Story by Presley Swearingen/Viking News/Staff/@pres711
As LBCC nears its 90th anniversary in September, students and employees see the advancements the school is making, in communicating with its students through social media, introducing a new sport such as beach volleyball, the remodel of the oldest building on campus and offering a wide variety of classes on both campuses.
According to the California Community Colleges Chancellor’s office website, in the past 90 years, the number of students has grown from a few hundred to over 27,000.
According to u-s-history.com, “LBCC started its service on the Woodrow Wilson High School campus in 1927. Due to a devastating earthquake in 1933, the school was flattened and classes had to be held in tents and outdoors. Later, in 1935, the college was relocated to its present LAC at Clark Avenue and Carson Street in Long Beach. In 1949, a new wing, the PCC was added on the Pacific Coast Highway between Walnut and Orange streets.”
Virginia Baxter, the president of the Board of Trustees who has worked at LBCC since the 1970s, explained how she has seen LBCC change over the years. On Wednesday, March 1, she said, “As a faculty member, I see the great difference between my lecturing (and students attentively listening) to multimedia presentations today. Faculty need to be much more engaged in keeping the attention of students in their classes. I admire them because I don’t think I could be so creative if I were teaching today.”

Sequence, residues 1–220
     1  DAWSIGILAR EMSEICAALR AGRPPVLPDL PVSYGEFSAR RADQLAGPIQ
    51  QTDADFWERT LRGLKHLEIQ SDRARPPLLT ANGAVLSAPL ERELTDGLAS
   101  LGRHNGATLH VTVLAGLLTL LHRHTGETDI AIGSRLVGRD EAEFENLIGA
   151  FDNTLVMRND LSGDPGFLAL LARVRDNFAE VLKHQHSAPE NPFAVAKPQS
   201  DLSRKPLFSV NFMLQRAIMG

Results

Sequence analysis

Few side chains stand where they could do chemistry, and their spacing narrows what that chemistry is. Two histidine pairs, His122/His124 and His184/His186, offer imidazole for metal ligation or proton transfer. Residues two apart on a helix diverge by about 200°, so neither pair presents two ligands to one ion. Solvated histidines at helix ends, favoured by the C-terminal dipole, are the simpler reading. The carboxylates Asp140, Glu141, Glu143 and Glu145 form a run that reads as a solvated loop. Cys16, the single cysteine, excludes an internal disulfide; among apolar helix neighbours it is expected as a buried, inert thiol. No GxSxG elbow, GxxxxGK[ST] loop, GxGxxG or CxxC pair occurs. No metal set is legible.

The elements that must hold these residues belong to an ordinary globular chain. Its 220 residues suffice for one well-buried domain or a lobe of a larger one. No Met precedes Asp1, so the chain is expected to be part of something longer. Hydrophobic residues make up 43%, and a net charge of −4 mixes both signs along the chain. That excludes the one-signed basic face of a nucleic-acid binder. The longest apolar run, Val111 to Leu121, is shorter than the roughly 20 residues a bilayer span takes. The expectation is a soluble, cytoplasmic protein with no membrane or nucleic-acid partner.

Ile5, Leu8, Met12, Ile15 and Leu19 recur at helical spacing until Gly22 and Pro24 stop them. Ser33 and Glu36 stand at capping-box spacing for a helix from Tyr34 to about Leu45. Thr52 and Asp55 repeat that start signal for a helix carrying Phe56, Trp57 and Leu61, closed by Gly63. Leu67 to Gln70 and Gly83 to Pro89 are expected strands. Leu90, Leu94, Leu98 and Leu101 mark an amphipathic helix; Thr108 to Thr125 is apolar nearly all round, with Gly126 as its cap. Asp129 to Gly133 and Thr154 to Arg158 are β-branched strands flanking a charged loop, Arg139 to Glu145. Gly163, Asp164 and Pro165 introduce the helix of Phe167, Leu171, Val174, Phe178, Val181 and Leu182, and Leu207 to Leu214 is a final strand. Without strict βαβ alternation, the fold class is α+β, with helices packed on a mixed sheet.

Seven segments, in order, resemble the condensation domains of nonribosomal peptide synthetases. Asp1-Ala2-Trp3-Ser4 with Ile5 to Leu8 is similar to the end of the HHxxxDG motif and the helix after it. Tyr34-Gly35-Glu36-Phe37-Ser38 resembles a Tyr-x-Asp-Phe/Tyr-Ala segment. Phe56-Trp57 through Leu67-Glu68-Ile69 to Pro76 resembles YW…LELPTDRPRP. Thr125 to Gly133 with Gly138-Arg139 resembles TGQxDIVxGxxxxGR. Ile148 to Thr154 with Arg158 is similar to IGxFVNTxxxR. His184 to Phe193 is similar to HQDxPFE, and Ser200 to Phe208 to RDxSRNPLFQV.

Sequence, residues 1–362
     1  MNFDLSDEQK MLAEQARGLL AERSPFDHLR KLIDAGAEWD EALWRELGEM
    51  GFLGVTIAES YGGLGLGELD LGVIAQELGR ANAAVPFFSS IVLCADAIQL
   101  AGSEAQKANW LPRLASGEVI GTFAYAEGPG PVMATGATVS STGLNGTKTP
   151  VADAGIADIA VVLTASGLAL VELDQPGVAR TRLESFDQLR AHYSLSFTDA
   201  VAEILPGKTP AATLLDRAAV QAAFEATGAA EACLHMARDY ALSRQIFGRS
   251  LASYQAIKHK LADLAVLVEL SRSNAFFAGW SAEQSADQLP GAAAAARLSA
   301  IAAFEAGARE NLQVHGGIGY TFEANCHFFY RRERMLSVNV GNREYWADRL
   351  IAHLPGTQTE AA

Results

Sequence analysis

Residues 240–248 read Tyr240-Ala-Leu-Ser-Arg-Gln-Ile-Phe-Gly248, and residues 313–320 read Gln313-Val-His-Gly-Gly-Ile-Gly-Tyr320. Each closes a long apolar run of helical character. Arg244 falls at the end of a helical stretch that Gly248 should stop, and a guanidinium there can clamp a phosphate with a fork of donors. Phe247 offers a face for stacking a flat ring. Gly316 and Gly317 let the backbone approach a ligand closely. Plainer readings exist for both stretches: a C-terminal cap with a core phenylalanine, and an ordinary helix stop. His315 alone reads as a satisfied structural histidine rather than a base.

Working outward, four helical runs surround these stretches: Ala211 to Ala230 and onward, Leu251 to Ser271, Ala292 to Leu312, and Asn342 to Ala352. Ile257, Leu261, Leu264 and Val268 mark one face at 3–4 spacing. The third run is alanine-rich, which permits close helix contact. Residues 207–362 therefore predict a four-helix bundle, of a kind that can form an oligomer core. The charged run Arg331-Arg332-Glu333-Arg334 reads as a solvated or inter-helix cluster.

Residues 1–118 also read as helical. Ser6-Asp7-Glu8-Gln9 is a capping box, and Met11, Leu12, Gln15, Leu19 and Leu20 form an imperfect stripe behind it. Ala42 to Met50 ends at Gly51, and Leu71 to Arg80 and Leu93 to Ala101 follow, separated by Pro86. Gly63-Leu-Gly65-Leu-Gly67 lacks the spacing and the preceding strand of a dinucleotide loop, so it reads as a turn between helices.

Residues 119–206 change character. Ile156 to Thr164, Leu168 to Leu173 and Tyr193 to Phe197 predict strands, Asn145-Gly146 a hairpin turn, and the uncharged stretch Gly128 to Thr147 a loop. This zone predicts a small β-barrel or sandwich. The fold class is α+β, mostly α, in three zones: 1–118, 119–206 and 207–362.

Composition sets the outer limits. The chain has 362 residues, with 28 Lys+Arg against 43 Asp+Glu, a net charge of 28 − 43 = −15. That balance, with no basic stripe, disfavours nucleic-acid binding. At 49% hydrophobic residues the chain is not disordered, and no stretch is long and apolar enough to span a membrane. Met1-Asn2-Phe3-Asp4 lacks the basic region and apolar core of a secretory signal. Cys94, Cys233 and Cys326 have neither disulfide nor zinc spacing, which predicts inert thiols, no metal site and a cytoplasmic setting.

“From the physical plant there are many changes both at PCC and LAC. The shift of LAC to south of Carson Street is remarkable. Beverly O’Neill asked me in 1983 to get funding for a walk way from the administration building to Carson Street.
“Besides the two P.E. facilities, there were no other buildings there. Now we have the T and V buildings. At PCC when I taught there in 1972, we shared the campus with Reid Continuation High School. Now the new facilities have brought 21st century technology to that campus and with the new building opening in the Fall, even better space is available. Lastly the student body has become so much more diverse and that is for the better.”
Since the 1920s, LBCC has continued to change and today many students they hope for LBCC to progress. Savanah Hoppes, 19, an English major, said, “One way LBCC can improve in the future is to update the website. There’s usually a lot of either old information or posts that make it difficult for students to find what they need.”
Max McDaniel, 19, a kinesiology major, mentioned how he would like to see the Food Court improve. He said, “The quality of food is just bland and expensive. I want them to put in a small restaurant like McDonalds.”
According to the college website, LBCC plans this year to host a number of events and activities related to the 90th anniversary and to build a web feature focusing on the college’s history.